SBJ/September 14 - 20, 1998/No Topic Name
NCAA expects talent drain with Indy move
Published September 14, 1998
Could the NCAA's $1-a-year lease of its new Indianapolis headquarters still prove costly?
Maybe not in terms of rent, but NCAA officials are bracing for a major talent drain as current employees decide whether to leave the organization rather than move across the Midwest next year.
The suburban Kansas City-based NCAA is still tallying how many of its 300 employees are choosing to stay behind after giving staff members until Aug. 31 to decide if they will follow the moving vans to Indianapolis. The Aug. 31 deadline was not an ultimatum to employees, NCAA officials said, but rather a way to help plan the relocation.
While final numbers aren't available, NCAA spokesman Wally Renfro said there is a concern about losing a significant number of key staff members and support personnel.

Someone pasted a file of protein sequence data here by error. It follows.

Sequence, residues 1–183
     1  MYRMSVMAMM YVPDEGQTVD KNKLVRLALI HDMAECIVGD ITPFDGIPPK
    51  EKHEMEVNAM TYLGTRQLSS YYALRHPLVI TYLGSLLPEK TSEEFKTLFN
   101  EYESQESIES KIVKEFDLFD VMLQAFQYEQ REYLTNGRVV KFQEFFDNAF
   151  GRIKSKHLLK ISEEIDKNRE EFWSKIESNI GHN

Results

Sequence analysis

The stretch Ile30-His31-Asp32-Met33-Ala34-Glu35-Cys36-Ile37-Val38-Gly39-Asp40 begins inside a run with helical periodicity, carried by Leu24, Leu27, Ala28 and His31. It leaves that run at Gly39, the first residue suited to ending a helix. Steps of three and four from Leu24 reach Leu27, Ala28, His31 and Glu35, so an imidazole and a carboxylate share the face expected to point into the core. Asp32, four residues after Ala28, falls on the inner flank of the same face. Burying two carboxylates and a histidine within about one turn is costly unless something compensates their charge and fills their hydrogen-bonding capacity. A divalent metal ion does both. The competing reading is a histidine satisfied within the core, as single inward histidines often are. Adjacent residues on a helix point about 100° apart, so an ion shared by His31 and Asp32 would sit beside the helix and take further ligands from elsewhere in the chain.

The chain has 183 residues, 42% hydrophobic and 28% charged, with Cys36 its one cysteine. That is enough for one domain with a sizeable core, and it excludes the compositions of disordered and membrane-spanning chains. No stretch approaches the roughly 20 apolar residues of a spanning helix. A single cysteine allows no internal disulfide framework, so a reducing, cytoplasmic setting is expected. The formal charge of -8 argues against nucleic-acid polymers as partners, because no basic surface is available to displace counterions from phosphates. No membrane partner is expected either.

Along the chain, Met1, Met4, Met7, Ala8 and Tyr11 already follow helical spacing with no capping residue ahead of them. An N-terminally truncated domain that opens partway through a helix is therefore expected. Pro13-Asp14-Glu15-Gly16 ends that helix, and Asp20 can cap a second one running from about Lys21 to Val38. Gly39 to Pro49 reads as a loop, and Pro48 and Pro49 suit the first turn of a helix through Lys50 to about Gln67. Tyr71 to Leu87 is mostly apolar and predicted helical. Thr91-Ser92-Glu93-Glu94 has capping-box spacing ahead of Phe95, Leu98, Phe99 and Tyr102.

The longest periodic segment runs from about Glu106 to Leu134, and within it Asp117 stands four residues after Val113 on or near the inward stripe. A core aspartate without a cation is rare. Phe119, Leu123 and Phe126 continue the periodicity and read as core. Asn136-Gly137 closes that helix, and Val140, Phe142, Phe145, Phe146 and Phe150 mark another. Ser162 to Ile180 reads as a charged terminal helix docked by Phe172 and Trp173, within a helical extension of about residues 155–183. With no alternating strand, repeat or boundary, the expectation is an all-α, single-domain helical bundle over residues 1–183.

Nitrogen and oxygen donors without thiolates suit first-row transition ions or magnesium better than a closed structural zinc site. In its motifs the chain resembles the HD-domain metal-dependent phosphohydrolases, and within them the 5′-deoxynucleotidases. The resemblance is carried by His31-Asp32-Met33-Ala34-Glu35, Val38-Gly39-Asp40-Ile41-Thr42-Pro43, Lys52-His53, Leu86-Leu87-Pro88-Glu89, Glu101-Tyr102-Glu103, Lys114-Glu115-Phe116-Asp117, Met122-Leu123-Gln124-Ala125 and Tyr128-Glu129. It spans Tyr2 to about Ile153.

"Any organization can lose key people at any given time, but losing an exceptionally large number is bound to happen in a move like this," Renfro said. "There is a legitimate concern."
Last year, the NCAA said that it would relocate from Overland Park, Kan., to Indianapolis after Indianapolis made a deal that the NCAA apparently couldn't refuse: A new $50 million headquarters paid for with a combination of private and public funds that will cost the NCAA a grand total of $1 a year in rent.
But the move has already spurred an exodus of talent as NCAA employees opt to leave the organization rather than be uprooted to Indiana.
Renfro said that from June 1997, when the move was announced, through this June, 29 employees left the NCAA. Those numbers are expected to climb now that the NCAA's Aug. 31 deadline has passed. Renfro would not say how many more resignations occurred this summer, but at least four other key staff members have announced their departures.
"There is a concern about losing staff members who have a lot of knowledge about the organization," Renfro said. "The hope is that you have a knowledge transfer before they take off."
The move is also part of a decision by the NCAA to shutter its Hall of Champions visitors center in Kansas City, which was a perennial money loser. Plans call for the NCAA to resurrect the exhibit with a revamped and hopefully more profitable approach in Indianapolis.